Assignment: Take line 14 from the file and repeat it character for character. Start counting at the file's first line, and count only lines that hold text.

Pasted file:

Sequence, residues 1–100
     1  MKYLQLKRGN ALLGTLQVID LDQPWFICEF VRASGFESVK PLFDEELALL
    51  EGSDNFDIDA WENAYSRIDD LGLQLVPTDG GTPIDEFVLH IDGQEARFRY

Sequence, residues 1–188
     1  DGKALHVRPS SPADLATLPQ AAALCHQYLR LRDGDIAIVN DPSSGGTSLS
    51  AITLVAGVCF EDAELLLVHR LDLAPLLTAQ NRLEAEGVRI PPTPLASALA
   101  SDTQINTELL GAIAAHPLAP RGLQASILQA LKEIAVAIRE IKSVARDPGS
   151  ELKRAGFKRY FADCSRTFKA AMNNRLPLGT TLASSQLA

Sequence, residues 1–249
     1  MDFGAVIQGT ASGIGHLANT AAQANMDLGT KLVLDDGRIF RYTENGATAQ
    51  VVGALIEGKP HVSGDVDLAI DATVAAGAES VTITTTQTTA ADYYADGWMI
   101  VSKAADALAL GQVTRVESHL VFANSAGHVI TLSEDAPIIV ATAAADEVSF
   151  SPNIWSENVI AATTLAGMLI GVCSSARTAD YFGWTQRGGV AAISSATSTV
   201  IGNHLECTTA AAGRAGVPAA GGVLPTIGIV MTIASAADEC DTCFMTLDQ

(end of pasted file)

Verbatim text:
   201  IGNHLECTTA AAGRAGVPAA GGVLPTIGIV MTIASAADEC DTCFMTLDQ